The Lord Jesus taught those who would listen: “Love your enemies, do good to those who hate you, bless those who curse you, pray for those who abuse you. To him who strikes you on the cheek, offer the other also; and from him who takes away your coat do not withhold even your shirt. Give to every one who begs from you; and of him who takes away your goods do not ask them again. And as you wish that men would do to you, do so to them. If you love those who love you, what credit is that to you? For even sinners love those who love them. And if you do good to those who do good to you, what credit is that to you? For even sinners do the same. And if you lend to those from whom you hope to receive, what credit is that to you? Even sinners lend to sinners, to receive as much again. But love your enemies, and do good, and lend, expecting nothing in return; and your reward will be great, and you will be sons of the Most High; for he is kind to the ungrateful and the selfish. Be merciful, even as your Father is merciful.” (Luke 6:27-36; see all Matthew 5:43-48)
Among the most difficult sayings of Christ are His words specifically directed to how we should treat our enemies. Some have tried to take His Gospel commandments regarding enemies literally, others have tried to interpret them more “pragmatically” to make them either more palatable or doable. S0me have wrestled with them trying to understand what the words could possibly mean. Others have treated them as a mystery that represent an “other-worldly” ideal but not practical in the real world.
Of course in life there can be many different kinds of enemies, not all of them make us think of a military or lethal response. When nations are enemies that might involve armies. But one can have political enemies and fight on the level of words. On a personal level we may consider someone an enemy without ever feeling threatened by them or without our trying to harm them. Even within families or Christian parishes people can become enemies one of another over issues great and small. On this level enemies might even figure out some way to get along by simply using avoidance. In the modern world we have also recognized the existence of frenemies, which is another level of the enemy phenomenon. Christ made no distinctions in His teachings on enemies. His words stand as commandments on how to treat any enemies. St Basil the Great says:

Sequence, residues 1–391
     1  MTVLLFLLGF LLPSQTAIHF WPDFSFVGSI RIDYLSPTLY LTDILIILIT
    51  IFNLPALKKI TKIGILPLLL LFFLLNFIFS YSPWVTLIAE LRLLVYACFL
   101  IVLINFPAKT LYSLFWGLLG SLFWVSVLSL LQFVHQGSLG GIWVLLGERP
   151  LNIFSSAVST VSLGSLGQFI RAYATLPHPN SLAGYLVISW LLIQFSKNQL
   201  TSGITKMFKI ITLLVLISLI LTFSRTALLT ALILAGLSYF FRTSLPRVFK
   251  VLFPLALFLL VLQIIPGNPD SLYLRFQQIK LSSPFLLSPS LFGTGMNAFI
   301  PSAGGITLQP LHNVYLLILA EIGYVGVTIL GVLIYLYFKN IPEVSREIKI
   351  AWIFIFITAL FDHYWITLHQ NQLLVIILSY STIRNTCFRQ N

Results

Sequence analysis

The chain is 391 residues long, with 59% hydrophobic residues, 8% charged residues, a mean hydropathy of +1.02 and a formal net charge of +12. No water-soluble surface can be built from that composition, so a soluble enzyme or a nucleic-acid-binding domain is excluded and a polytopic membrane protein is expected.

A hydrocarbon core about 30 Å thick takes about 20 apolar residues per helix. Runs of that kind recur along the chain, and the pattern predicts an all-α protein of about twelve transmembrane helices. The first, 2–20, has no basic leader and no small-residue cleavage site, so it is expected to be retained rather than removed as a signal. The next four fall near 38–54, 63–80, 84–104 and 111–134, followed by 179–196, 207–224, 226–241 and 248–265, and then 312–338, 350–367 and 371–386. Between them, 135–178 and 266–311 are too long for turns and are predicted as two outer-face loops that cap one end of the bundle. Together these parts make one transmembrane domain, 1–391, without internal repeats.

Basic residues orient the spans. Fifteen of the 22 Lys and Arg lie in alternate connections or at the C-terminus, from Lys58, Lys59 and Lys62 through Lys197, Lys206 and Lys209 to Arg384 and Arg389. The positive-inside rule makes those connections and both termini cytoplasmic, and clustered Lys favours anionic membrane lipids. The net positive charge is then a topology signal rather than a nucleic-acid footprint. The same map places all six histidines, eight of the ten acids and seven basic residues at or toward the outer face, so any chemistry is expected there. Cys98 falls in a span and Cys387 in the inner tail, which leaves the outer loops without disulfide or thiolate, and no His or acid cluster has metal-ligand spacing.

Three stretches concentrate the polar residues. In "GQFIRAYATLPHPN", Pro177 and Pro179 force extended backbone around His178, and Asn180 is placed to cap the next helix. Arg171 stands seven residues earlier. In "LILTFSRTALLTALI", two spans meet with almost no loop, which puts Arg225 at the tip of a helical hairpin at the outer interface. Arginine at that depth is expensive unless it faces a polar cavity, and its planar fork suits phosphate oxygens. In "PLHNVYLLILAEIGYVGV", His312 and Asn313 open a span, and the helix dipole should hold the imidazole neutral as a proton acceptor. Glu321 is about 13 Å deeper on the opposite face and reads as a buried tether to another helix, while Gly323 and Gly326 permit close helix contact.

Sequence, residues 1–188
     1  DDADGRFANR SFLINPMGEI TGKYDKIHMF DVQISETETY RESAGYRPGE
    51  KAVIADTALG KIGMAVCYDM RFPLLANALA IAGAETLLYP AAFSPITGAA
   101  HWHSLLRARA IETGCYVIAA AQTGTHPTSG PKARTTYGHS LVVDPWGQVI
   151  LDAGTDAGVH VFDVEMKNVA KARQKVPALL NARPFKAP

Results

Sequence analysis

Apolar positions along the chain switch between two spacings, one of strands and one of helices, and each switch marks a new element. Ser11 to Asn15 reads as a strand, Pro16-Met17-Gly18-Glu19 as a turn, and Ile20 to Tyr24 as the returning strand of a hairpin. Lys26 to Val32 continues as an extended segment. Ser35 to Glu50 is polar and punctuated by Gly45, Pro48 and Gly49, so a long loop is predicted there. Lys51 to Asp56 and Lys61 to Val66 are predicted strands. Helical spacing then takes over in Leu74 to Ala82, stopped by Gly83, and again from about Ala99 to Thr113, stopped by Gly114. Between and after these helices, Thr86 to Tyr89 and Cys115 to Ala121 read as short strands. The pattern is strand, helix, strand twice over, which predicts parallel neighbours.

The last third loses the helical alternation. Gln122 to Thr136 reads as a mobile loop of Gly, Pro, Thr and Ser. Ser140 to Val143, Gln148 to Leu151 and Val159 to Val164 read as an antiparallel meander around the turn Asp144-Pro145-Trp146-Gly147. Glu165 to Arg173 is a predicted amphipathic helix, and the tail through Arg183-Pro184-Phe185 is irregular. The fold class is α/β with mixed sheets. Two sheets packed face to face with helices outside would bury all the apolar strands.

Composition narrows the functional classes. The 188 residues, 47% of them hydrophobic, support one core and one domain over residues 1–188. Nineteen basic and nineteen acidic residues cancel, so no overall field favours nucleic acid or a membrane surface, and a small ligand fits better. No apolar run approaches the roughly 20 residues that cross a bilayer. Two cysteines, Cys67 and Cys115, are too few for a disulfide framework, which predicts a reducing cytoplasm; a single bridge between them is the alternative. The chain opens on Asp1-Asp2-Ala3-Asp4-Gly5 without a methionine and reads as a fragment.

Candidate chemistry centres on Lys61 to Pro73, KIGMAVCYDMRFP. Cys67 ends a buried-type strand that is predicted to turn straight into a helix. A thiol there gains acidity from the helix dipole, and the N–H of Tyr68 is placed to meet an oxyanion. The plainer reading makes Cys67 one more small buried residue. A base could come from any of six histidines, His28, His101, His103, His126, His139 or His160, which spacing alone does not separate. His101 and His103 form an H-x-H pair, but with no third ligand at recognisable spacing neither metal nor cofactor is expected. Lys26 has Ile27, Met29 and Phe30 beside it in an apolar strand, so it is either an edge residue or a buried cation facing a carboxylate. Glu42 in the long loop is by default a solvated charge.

“An enemy is by definition one who obstructs, ensnares and injures others. He is therefore a sinner. We ought to love his soul by correcting him and doing everything possible to bring him to conversion. We ought to love his body too by coming to his aid with the necessities of life. That love for our enemies is possible and has been shown to us by the Lord himself. He revealed the Father’s love and his own by making himself ‘obedient unto death’, [Phil. 2:8] as the Apostle says, not for his friends’ sake so much as for his enemies. ‘God shows his love for us in that while we were yet sinners Christ died for us.’ [Rom. 5:8] And God exhorts us to do the same. ‘Be imitators of God, as beloved children. And walk in love, as Christ loved us and gave himself for us.’ [Eph. 5:1-2] God would not ask this of us as a right and proper thing to do, if it were not possible. On the other hand, is it not perhaps true than an enemy can be as much help to us as a friend can? Enemies earn for us the beatitude of which the Lord speaks when he says: ‘Blessed are you when others revile you and persecute you and utter all kind of evil against you falsely on my account. Rejoice and be glad, for your reward is great in heaven.’ [Matt. 5:11-12]” (in Drinking from the Hidden Fountain: A Patristic Breviary, pp 232-233)
The last comments by St Basil bring to mind A Prayer for One’s Enemies, St. Nikolai Velimirovich’s prayer for those who hate and oppress us. Sometimes enemies can inspire in us a desire to change and to be more Christ like.